Mining underused data
The run-up to the crisis
No amount of quantitative data can do justice to the depth and complexity of the crisis that broke out in Syria in 2011. It can, however, provide a much-needed dose of historical perspective around a conflict whose narrative is now dominated by relentless bloodshed and geopolitical rivalries.
The data presented here highlights a number of trends that shaped Syria’s domestic landscape in the years before the uprising and ensuing armed conflict. The Syria of the late-20th and early-21st centuries witnessed deepening environmental, socioeconomic and governance challenges. The war may have eclipsed these problems, but it has not resolved them—on the contrary, many such trends have been exacerbated, and will come back to the fore as the war’s worst violence ebbs.
This snapshot of the day before therefore aims to do more than account for the country’s breakdown: It offers a set of benchmarks against which to track the governance issues that will continue to bedevil Syria the day after.
The raw data belongs to the World Bank’s open source repository, which focuses on “global development” thematics such as demographics, economics and climate, and contains roughly 1500 datasets specifically pertaining to Syria. Although the data is free to access, the process of parsing, cleaning, analysis and visualisation entails considerable work and inevitable editorial decisions. The selection below is our best attempt at paring tens of thousands of figures down to their most relevant, reliable and readable core. To the extent possible, we will let the data speak for itself, and therefore restrict commentary to the minimum.
Environment & agriculture
Available statistics offer valuable context relating to climate change, which is frequently invoked as a trigger for the crisis. One clear takeaway is that average temperatures increased markedly over the past half-century, especially during the hottest times of the year.
Meanwhile, Syria’s unpredictable rainfall and regular summer droughts leave agriculture wholly dependent on irrigation. These factors also historically led authorities to prioritize food security, through top-down policies controlling the agricultural sector.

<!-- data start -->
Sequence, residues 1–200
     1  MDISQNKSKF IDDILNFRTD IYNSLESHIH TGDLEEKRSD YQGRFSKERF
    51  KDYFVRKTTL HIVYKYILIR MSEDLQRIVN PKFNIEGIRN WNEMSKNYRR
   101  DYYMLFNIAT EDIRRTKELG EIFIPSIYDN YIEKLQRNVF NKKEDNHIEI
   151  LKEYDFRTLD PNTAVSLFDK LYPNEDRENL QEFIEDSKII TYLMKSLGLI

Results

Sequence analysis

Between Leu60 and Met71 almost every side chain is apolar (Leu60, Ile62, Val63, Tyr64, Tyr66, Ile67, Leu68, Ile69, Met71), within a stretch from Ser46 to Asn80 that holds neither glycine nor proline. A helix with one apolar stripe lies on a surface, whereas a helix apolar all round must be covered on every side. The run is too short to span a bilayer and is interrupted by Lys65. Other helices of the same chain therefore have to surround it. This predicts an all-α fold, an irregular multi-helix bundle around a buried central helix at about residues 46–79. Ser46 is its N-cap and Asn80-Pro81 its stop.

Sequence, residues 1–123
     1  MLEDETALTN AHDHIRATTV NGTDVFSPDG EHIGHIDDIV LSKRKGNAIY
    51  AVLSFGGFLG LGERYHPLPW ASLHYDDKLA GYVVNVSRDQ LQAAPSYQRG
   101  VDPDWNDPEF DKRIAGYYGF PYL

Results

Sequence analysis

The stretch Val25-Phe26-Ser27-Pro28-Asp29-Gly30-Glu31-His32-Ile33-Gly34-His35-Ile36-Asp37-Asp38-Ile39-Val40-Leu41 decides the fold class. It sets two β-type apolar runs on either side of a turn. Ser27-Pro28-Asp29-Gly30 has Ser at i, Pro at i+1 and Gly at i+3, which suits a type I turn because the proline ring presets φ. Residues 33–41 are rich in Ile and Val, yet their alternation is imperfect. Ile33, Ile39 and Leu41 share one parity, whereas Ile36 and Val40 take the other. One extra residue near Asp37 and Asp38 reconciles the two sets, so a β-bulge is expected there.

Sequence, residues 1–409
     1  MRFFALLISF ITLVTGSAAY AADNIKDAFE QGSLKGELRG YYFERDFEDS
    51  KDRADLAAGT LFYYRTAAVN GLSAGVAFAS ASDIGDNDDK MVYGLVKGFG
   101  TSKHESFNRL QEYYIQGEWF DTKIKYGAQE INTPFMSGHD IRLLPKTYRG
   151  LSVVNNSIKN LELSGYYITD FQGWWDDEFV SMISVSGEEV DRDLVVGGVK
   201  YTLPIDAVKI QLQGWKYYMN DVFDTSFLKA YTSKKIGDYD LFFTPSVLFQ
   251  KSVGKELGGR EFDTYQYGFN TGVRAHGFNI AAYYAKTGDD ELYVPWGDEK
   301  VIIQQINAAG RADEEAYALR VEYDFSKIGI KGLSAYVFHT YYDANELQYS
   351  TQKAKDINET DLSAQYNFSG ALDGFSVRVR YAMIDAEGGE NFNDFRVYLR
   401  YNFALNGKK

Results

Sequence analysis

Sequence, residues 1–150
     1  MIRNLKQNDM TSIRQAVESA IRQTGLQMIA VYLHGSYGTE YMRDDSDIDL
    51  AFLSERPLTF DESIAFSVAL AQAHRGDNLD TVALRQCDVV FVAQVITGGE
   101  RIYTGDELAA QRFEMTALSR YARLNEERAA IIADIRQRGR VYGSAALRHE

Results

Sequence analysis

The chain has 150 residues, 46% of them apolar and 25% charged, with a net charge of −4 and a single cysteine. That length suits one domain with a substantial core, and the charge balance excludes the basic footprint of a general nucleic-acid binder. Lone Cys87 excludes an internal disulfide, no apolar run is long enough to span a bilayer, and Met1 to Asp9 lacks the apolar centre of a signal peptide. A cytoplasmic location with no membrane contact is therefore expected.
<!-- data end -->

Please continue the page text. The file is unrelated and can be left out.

Reliance on irrigation in turn renders water security a paramount concern, which has become all the more urgent as overall rainfall has declined in recent decades.
Even as rainfall declined, average annual cereal yields tripled over the same 50 year period. Notably, however, that overall increase coincided with spectacular year-to-year variations. Against this backdrop, the disastrous harvest of 2008—which corresponds to the drought often blamed for catalyzing the uprising through mass rural displacement—clearly has numerous precedents, and thus offers at best an incomplete account of environmental factors.
A more compelling explanation lies in the transformation of Syria’s agricultural sector, especially in the decade before the uprising. Following his takeover in 2000, Bashar Assad dramatically liberalized the food market-as seen in skyrocketing imports and exports. Shifting to intensive agriculture often at the expense of traditional farmers, Damascus invested heavily in water intensive “cash crops” like cotton, while doing little to offset the impact in terms of water security.
The socioeconomic impact on rural communities was devastating, cutting the agricultural workforce in half between 2000-2010. The consequent, unregulated growth of cities inevitably fed the conflict, which saw peripheral, informal neighborhoods play a central role, along with depleted rural areas.
In the meantime, Syria’s demographics were evolving in other equally important ways. Most obviously, and much like the rest of the Arab world, its population remained astonishingly young—with Syrians under 35 averaging 80 percent of the total population throughout the past half-century.